Hong Kong, with a population of 7.3 million people crammed into 1,104 square kilometres, is smaller than Los Angeles (Credit: Getty Images)
Most expats — especially those working in professional services — live on Hong Kong Island, where many of the multinational companies are based, but foreigners are spread out all over the city. Expat families prefer Happy Valley, Jardine’s Lookout and Stanley, whereas singles often opt to live in Sheung Wan, Sai Ying Pun and Kennedy Town.
But it's not cheap. Hong Kong topped Mercer’s Cost of Living Survey for expatriates this year. But, many professionals with incomes far less than what top executives earn can still live comfortably in this densely populated city, although notoriously high rents often means living in smaller apartments than what they might be used to back home.
Lesson 101: If you’re going to be here less than five years, you really ought not to be investing in the real-estate market
Hong Kong real estate is among the world’s priciest. The average monthly rent for a three-bedroom apartment in the city is about HK$37,000 (US$4,750), according to website Numbeo, while rents in the upscale Mid-Levels area that is popular with affluent expats are usually much higher.
Housing costs are among the world’s highest (Credit: Getty Images)
Prefer to buy? Beware, the market is notoriously volatile.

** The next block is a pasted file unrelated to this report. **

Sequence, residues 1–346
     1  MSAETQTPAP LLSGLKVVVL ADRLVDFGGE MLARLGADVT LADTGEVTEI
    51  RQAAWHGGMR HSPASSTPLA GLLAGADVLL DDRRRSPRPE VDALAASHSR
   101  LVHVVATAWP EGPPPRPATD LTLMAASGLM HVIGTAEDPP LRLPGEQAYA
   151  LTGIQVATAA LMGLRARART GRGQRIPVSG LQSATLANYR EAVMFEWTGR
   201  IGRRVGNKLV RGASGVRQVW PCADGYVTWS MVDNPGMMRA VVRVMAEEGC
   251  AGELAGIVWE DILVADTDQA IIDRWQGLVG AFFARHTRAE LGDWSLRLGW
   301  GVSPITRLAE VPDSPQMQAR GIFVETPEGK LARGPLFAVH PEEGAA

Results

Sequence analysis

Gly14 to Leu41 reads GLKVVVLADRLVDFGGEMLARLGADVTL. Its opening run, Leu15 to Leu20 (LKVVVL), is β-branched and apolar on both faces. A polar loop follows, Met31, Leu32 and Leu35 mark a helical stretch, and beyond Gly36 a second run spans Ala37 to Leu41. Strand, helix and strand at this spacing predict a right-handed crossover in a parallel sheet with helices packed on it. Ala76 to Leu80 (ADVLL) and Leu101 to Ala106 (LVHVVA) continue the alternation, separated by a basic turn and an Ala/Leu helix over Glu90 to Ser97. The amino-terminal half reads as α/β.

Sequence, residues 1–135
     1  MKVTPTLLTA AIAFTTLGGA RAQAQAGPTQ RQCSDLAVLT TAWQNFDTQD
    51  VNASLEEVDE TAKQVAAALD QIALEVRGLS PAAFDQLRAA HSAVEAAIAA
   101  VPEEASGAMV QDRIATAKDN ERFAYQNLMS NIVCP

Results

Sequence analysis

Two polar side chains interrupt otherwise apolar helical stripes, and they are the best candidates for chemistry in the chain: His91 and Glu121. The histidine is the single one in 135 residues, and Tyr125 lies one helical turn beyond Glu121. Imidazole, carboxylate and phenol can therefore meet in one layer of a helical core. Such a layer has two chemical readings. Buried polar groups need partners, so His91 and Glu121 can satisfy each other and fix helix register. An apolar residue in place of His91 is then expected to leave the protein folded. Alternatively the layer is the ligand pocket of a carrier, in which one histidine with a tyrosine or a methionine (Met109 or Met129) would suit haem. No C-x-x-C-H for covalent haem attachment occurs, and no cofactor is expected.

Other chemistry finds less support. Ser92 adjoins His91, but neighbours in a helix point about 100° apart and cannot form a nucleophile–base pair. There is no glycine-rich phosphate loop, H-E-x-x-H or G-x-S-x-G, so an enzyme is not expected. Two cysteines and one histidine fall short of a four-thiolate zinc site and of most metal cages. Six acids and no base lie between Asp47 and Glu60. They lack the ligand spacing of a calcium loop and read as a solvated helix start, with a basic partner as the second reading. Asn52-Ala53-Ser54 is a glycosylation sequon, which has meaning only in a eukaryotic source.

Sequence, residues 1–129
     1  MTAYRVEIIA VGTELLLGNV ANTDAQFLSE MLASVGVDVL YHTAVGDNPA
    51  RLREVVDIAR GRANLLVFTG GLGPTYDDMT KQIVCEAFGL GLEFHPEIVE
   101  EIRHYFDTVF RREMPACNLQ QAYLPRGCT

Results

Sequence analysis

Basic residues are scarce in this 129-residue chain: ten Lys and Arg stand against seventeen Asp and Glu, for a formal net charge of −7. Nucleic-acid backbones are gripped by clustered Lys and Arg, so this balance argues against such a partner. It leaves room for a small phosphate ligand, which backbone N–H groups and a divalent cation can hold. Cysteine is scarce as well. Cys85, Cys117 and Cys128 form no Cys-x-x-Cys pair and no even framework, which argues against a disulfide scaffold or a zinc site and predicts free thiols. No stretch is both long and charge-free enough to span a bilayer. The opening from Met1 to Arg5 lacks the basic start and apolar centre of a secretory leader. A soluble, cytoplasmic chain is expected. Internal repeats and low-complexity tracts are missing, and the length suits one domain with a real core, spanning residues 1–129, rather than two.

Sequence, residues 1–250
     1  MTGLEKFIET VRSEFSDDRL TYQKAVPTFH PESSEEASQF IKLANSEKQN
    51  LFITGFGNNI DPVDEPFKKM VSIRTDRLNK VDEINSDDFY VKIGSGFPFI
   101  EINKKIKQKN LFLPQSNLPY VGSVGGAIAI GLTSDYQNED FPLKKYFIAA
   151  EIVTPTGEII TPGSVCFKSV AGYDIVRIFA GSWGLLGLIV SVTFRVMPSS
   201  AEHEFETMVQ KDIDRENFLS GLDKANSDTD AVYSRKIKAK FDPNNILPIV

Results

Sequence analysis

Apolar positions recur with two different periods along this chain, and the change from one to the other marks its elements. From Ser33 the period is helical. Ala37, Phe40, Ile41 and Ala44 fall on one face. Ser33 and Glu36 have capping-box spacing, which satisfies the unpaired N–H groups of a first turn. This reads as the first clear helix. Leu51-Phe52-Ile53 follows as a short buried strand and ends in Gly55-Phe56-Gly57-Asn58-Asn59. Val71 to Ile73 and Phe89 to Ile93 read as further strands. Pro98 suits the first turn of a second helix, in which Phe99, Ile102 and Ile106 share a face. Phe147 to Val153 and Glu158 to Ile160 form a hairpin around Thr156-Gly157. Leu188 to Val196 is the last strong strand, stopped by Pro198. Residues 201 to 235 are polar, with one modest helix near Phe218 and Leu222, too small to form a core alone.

“Lesson 101: If you’re going to be here less than five years, you really ought not to be investing in the real-estate market,” says Jeff Blount, a long-time American expat and property owner in Hong Kong. He says if you buy at the wrong time and need to sell quickly, you could take a hit of 15% to 20% or more.
Competition for admission of expat children into international schools is fierce. Ruth Benny, founder of Top Schools, a consultancy that helps parents find schools for their children, recommends that expat families apply as soon as they know they are relocating to Hong Kong — or even before the job deal is signed. “The earlier, the better,” she says.
And you may not get your first choice. “We recommend that people apply to four or five schools,” she says, but that can become expensive. Application fees range from HK$1,000 to HK$3,000 (US$130 to $385), but can run as high as HK$8,000 ($1,030), and are non-refundable.
Annual tuition ranges from HK$100,000 to HK$250,000 ($12,900 to $32,225) for upper secondary school, plus other fees
Getting a visa